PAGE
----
PPP

WASHINGTON — President Trump signed bipartisan legislation Saturday morning, extending and revising the Paycheck Protection Program until Aug. 8.

The new law had rare bipartisan support in Congress. On May 27,  the House passed the measure by 417-1 and the Senate approved it by unanimous consent on June 3.

The bill is an attempt to address concerns expressed by the small business community around the Paycheck Protection Program (PPP) aimed at providing COVID-19 relief.

Support Our Journalism

Facts over fear:

That's been our guiding light as we navigate the uncharted waters of this pandemic. If you think we've been good stewards, consider a membership today. 100% of your support goes to our reporting efforts. Above all, thank you for taking this journey with us. Stay safe, stay healthy.

“The Paycheck Protection Program has been instrumental in helping employers keep workers on payroll during the pandemic and, thanks to this extension signed into law today, it will continue to play an important role as our economy reopens and Ohioans get back to business,” said U.S. Rep Troy Balderson, whose district includes part of Richland County.

Balderson serves on the House Committee on Small Business, which is the primary committee of jurisdiction over small business relief programs implemented by the U.S. Small Business Administration (SBA).

Administered by the SBA, the PPP is a forgivable loan designed to provide direct support for small businesses to keep their workers on payroll and their lights on. Enactment of H.R. 7437 means small businesses will have access to apply for the remaining $130 billion in relief until August 8.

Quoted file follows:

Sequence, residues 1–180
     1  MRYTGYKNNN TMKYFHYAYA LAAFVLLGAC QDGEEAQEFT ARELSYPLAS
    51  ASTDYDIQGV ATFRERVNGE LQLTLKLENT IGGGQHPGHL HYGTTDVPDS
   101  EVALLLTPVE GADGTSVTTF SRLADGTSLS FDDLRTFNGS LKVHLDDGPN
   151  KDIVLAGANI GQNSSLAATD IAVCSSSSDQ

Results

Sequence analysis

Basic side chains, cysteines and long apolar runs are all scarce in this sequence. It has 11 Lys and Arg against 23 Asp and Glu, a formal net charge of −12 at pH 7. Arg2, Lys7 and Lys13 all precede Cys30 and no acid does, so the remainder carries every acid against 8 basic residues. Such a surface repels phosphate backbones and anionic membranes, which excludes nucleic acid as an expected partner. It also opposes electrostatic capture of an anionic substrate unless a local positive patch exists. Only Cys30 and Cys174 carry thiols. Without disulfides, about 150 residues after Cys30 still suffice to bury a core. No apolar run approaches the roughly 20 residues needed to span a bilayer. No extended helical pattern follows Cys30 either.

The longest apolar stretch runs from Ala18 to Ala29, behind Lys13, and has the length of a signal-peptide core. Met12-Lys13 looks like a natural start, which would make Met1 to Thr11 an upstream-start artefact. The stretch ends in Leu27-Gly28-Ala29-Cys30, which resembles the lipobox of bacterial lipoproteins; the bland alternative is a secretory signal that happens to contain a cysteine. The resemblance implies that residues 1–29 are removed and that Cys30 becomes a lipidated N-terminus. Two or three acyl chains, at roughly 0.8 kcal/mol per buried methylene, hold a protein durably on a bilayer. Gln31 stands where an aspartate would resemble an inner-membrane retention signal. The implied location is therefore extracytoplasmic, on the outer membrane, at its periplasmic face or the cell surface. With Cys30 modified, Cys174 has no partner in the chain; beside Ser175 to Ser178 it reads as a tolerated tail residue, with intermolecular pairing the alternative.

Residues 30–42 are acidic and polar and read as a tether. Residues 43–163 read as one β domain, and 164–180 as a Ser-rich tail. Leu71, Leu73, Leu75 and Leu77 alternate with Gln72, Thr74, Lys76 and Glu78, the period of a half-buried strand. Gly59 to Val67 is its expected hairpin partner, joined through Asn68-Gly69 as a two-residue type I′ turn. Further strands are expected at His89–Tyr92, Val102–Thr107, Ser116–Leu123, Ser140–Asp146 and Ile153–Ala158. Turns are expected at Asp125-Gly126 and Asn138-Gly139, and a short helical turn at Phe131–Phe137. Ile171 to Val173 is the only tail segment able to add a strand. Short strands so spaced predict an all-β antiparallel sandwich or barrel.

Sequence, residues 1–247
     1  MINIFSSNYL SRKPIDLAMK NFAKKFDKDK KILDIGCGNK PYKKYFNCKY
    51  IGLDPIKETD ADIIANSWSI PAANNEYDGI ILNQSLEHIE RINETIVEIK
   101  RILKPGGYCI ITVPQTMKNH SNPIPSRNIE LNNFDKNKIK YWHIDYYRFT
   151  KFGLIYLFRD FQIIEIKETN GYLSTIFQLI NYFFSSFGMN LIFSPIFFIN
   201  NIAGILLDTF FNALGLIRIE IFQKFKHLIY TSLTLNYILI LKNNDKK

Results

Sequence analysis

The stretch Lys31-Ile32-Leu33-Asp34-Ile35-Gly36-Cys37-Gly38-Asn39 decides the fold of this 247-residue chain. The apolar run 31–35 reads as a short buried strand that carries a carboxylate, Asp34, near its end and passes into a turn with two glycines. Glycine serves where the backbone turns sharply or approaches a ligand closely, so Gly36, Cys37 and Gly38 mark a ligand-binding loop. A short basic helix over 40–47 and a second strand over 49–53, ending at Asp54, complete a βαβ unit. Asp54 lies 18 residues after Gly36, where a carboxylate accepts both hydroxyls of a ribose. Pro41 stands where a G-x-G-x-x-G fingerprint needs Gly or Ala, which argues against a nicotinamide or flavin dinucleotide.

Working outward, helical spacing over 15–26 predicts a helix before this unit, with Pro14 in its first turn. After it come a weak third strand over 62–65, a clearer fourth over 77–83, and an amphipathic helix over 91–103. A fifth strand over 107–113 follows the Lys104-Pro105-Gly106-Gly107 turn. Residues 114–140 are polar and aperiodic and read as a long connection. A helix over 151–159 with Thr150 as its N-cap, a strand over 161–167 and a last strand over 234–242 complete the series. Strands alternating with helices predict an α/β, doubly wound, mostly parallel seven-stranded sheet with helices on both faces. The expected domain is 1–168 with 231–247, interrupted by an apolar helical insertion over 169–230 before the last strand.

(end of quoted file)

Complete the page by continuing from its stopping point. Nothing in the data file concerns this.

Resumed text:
Eligible small businesses may apply for PPP loans through any existing SBA-approved lending institution before the Aug. 8 deadline.

According to published reports, the new act:

-- reduces the amount of the loan needed to be spent on payroll from 75% to 60%, thus increasing the amount of funds available for other expenses from 25% to 40%.

-- extends the time period to spend the loans to 24 weeks. While businesses will still need to spend the money on payroll and authorized expenses, they now have until the end of 2020 to do so.

-- gives businesses until until Dec. 31, 2020, to rehire workers in order for their salaries to count towards forgiveness.

-- gives businesses forgiveness on payroll amounts if it is unable to rehire an individual who was an employee of the eligible recipient on or before February 15, 2020; is able to demonstrate an inability to hire similarly qualified employees on or before Dec. 31, 2020; or is able to demonstrate an inability to return to the same level of business activity as such business was operating at prior to Feb. 15, 2020.